(The following is part of my GameFile column, filed at MTVNews.com.)
What ["Love" MMO designer Eskil] Steenberg envisions — and, of course, is making — is a game that is smart enough to react to anything a player does.
..."I believe that games need directors," he said, "digital directors that can figure out in real-time what's going on in the game, analyze what the players are feeling and doing and adjust to that and make the game do what it should do ... to make a dramatic balance."
How about a "Star Wars" reference to explain? "A digital director could do very small things. Like, it could say, 'Well, at this point [the player is] 2 feet away from destroying the Death Star. Maybe we should not fire the big gun at him right now. Just keep up with the player. Let him do that, because he's got a tiny bit of health. Let him be the hero."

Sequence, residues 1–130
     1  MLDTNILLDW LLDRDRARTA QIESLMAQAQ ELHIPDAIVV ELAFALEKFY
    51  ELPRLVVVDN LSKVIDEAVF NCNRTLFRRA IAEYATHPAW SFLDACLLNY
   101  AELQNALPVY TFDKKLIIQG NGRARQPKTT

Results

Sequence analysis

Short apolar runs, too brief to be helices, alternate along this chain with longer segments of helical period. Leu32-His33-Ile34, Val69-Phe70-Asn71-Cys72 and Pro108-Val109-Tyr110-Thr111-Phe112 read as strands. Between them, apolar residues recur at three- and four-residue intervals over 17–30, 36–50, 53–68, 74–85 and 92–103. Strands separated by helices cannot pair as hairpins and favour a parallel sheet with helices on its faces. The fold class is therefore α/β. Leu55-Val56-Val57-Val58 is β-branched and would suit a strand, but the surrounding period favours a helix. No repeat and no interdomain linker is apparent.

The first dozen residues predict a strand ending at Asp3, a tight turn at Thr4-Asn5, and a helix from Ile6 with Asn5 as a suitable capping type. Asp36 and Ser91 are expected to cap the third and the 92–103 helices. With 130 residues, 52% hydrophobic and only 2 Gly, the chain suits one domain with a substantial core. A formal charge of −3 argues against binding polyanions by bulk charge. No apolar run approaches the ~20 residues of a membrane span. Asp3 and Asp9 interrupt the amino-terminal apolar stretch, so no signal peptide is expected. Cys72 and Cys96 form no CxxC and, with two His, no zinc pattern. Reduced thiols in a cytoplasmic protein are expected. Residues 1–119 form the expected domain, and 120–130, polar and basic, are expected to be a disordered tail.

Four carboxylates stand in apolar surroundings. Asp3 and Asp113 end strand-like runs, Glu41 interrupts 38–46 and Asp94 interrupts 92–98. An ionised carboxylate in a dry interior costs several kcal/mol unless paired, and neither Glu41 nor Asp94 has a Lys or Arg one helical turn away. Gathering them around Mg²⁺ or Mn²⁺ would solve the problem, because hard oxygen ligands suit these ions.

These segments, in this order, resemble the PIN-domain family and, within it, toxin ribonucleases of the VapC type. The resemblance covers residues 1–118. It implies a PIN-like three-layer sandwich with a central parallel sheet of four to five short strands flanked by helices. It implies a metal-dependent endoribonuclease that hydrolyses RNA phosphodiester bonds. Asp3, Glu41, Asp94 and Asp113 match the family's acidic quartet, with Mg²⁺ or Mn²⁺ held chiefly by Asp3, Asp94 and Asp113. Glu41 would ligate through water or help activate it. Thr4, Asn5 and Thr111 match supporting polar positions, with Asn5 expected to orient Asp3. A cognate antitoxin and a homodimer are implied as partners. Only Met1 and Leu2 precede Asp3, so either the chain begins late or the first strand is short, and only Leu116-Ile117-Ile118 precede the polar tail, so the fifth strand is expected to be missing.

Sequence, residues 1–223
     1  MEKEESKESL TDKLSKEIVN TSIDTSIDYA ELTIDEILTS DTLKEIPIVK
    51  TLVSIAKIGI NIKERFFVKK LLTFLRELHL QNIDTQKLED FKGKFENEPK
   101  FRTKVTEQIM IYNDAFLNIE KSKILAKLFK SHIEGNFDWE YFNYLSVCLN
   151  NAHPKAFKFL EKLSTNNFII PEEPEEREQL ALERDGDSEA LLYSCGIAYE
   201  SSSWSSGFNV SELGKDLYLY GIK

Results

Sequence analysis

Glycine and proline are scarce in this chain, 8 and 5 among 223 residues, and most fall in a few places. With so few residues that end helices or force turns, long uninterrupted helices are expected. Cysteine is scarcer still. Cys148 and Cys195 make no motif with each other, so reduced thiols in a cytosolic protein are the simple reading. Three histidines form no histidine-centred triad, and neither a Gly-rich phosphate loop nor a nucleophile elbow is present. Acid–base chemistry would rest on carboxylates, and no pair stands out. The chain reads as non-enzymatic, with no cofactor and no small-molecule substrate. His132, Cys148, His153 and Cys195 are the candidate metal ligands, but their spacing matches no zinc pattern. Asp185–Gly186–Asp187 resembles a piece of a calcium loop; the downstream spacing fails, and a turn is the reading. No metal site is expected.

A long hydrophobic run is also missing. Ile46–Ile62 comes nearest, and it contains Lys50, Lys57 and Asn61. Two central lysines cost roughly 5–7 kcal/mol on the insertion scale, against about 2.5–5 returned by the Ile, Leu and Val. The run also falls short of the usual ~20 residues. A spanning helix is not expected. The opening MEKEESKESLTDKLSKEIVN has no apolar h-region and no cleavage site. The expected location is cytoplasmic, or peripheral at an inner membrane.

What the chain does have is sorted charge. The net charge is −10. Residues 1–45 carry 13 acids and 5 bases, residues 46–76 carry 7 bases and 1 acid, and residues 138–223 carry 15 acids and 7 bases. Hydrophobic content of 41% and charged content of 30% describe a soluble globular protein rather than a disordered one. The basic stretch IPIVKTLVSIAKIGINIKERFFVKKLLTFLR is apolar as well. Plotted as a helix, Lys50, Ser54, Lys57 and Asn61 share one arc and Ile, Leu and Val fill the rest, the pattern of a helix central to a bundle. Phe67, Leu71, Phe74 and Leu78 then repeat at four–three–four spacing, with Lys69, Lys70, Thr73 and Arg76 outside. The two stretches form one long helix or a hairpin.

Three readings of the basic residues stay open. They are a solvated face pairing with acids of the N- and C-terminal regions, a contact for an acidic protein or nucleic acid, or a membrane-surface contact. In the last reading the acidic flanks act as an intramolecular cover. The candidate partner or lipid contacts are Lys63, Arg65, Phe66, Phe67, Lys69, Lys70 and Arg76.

Steenberg gets the irony that he wanted to be a designer, got hired to be a programmer, and is now figuring out how to program a designer into virtual existence. His digital director could be responsible for, in his words, "the most awesome game ever." The Death Star example is really just a small thing. A game like "Love" powered by a digital director "has to be able to generate stuff and add stuff and remove stuff and shift not just on the small level — the health and things like that, which is kind of easy — but you want that engine to be able to say: 'We need a powerful nemesis right now. That's a missing character. We need to generate that character. Give him a castle. Give him weapons.'"